The Georgetown College community will be pleased to learn of a recent gift to the College made by the heirs to the Clyde Ensor Estate: a couple hundred Hummels!
What's a Hummel? Well, in the late nineteenth century in Germany, a man named Goebel founded a porcelain factory. Later, his son William oversaw the W. Goebel company and developed a product line specifically aimed at the U.S. market. In the 1930s, 4th generation Goebel Franz began looking for something that suggested "innocence", perhaps to counter the extreme political upheavals occurring in Europe at the time. A Franciscan nun born in Bavaria in 1909, Maria Innocentia (Berta) Hummel, after being trained at the Munich Academy of Applied Arts, came to Franz's attention for her popular art card images of rural children. Goebel fashioned clay models based on the artist's drawings and Sister Hummel gave full rights of reproduction to the Goebel company. She did, however, personally approve both the sculpture and painting of each earthenware piece. M.I. Hummel figurines were first introduced in 1935 and were very successful, even following Sister Hummel's death in 1946 at the very young age of 37. In fact, today Hummels have a large collecting base and several models are quite sought after. (From Dr. Lori's website and Hummel: the complete collector's guide and illustrated reference by Eric Ehrmann, Portfolio Press Corp, Huntington, NY, 1976.)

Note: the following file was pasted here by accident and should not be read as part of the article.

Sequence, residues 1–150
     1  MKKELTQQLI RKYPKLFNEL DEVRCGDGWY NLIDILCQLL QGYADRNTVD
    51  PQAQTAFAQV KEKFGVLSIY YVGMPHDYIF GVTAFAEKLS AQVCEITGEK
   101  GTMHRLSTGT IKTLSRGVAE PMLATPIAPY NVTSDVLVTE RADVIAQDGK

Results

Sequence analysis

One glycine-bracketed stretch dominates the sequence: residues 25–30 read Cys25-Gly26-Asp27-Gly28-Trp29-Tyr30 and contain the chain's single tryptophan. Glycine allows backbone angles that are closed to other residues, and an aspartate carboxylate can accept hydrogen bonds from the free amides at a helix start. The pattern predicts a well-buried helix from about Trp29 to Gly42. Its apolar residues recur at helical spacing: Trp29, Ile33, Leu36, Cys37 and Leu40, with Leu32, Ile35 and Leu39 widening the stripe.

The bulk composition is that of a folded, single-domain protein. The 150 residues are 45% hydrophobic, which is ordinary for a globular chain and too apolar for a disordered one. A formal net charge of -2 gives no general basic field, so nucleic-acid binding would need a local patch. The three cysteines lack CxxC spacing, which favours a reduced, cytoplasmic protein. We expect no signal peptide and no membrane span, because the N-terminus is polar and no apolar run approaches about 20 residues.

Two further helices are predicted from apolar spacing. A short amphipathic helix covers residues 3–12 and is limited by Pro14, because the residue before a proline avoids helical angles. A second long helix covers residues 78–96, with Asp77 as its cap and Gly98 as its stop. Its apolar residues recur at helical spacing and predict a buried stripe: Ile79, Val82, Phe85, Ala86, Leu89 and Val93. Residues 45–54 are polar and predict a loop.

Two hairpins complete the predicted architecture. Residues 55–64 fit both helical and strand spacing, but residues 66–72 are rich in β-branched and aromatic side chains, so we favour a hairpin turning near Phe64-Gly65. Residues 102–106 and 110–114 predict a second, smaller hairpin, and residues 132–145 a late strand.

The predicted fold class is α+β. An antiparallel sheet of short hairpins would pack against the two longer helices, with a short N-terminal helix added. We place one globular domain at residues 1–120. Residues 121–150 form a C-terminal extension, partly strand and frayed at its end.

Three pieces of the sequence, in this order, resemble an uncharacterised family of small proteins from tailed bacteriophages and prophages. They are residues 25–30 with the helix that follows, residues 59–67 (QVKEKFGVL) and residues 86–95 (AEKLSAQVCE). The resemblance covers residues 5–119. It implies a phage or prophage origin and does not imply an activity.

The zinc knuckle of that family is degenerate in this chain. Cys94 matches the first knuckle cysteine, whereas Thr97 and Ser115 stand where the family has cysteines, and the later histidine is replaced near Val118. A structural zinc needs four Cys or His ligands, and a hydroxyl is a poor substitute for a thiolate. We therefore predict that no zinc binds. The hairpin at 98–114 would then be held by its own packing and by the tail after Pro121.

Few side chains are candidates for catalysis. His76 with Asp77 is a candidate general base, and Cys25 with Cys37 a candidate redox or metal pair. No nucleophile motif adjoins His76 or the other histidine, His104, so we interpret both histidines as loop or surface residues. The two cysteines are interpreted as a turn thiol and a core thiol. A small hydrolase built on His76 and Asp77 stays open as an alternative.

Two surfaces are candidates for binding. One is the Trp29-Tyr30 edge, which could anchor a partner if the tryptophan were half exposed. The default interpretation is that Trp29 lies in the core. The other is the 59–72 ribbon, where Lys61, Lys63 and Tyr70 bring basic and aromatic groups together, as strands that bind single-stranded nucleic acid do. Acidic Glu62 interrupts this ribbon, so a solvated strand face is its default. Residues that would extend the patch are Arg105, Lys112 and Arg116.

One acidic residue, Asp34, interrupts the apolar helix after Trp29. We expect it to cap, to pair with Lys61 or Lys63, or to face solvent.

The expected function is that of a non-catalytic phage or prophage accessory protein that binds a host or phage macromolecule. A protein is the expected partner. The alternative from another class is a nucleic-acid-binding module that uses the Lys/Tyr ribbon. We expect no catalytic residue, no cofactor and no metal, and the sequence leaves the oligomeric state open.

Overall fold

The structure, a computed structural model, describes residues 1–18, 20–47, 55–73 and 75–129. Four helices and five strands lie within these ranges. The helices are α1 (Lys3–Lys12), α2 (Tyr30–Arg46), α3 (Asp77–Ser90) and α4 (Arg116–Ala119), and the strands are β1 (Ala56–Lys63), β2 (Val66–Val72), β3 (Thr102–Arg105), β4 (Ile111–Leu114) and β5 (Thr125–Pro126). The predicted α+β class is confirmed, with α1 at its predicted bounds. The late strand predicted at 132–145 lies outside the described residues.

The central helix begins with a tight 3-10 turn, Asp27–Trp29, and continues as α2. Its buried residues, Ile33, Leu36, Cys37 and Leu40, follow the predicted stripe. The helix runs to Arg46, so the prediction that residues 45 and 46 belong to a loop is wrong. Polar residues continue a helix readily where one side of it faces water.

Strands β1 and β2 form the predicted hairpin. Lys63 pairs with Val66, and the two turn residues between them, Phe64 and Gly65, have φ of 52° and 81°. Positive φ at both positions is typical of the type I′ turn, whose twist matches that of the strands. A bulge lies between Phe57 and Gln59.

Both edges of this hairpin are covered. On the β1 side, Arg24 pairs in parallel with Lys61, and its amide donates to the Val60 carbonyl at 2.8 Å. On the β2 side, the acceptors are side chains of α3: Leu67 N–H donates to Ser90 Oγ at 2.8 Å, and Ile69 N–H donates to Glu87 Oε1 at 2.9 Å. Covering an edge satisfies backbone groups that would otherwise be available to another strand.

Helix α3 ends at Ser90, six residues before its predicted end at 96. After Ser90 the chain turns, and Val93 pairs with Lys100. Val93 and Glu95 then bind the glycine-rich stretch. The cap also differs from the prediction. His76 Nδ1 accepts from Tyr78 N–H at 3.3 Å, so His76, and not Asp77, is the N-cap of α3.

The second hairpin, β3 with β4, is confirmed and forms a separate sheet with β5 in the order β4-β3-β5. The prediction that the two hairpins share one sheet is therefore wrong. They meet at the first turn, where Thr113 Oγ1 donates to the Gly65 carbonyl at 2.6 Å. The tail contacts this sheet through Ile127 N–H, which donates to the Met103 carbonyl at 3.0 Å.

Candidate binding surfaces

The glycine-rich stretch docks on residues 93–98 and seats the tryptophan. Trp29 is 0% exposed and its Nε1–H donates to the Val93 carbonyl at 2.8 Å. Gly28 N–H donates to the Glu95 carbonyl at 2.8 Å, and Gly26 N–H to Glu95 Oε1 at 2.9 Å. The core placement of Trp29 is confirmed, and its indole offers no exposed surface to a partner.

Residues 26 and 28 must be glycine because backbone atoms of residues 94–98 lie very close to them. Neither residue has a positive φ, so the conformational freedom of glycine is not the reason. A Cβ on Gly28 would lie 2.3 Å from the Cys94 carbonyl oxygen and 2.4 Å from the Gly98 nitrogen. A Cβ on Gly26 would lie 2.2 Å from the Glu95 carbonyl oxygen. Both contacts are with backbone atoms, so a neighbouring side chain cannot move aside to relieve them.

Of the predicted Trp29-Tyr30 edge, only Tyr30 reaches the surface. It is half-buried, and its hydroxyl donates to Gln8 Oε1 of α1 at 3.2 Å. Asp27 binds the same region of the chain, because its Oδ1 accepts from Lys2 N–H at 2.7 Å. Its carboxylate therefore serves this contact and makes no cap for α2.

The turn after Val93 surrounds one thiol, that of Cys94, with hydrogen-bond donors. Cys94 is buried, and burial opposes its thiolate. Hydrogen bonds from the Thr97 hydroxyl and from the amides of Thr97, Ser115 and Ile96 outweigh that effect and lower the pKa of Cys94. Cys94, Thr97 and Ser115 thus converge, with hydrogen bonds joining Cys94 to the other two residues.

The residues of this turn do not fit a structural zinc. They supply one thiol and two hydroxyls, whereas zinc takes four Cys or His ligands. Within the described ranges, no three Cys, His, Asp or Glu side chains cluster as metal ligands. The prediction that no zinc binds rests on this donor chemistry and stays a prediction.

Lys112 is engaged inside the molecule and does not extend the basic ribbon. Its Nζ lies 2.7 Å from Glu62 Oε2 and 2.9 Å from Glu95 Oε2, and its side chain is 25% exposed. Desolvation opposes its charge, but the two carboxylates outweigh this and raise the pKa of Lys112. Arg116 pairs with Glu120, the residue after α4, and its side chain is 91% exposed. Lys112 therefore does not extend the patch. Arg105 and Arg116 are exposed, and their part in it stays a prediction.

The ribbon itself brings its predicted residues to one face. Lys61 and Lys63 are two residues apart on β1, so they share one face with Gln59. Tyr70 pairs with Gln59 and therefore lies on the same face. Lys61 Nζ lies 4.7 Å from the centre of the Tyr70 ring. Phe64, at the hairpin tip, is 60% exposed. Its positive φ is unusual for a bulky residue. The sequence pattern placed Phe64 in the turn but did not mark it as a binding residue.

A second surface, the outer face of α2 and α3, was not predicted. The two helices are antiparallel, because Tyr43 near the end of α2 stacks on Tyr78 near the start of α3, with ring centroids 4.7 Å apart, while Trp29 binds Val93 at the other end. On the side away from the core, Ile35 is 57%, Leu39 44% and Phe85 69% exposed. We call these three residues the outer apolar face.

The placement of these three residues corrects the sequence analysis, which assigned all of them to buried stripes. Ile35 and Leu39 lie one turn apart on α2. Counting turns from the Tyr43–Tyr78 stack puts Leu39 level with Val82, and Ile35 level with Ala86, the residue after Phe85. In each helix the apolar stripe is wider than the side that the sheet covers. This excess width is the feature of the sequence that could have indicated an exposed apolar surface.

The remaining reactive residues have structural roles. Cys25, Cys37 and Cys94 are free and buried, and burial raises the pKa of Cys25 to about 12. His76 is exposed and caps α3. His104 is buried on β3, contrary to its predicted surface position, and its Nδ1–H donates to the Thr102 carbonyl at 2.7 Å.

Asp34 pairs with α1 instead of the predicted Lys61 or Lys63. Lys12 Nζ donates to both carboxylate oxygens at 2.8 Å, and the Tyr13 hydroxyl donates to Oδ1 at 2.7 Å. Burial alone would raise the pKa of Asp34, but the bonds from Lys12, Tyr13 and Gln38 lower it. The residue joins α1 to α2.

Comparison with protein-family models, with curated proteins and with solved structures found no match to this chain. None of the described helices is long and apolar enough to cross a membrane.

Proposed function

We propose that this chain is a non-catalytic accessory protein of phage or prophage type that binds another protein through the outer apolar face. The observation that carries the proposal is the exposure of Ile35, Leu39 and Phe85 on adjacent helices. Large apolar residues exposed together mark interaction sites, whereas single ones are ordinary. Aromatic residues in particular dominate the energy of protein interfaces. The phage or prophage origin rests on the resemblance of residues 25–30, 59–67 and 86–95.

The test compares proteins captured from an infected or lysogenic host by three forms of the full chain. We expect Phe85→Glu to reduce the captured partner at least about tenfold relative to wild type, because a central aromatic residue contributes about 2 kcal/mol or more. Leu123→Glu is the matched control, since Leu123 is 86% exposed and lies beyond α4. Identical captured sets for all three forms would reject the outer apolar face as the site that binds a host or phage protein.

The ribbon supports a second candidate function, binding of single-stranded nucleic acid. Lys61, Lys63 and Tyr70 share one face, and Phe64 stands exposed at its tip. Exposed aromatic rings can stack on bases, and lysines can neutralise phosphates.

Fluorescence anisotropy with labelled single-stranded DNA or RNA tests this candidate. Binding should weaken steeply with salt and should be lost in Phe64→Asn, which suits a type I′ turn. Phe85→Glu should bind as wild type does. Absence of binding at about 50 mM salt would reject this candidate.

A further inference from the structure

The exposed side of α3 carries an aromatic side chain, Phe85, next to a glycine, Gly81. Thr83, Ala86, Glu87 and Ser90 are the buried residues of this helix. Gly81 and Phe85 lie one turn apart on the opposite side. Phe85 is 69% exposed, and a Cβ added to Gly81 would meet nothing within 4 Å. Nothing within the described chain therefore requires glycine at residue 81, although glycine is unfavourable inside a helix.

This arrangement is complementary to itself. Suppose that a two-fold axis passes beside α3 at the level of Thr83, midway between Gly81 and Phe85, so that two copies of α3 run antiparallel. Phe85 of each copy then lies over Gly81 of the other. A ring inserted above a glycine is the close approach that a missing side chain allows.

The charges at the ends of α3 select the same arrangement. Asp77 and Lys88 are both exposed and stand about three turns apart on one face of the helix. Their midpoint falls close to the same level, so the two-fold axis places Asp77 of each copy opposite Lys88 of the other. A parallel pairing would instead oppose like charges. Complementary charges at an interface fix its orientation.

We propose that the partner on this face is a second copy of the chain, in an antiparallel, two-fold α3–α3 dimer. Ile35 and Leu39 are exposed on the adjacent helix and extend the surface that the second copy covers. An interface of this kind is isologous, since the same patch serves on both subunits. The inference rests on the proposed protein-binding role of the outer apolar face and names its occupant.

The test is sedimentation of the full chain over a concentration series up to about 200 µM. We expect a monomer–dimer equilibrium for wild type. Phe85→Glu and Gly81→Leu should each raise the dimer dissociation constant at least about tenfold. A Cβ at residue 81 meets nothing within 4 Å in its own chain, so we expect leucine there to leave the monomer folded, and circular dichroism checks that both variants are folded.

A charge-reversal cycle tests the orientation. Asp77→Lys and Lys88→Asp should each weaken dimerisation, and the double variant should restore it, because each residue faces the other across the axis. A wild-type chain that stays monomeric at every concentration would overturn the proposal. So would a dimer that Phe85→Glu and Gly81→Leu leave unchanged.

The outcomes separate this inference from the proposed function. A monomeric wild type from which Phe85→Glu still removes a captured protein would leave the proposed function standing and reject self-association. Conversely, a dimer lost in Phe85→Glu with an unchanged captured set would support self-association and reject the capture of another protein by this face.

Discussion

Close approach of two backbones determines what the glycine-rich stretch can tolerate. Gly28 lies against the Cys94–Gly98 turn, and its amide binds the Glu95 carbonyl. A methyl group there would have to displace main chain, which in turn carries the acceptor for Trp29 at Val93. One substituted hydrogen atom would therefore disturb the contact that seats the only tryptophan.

Currently located in Ensor art storage, Georgetown College's newest, rosy cheeked friends have found a good home!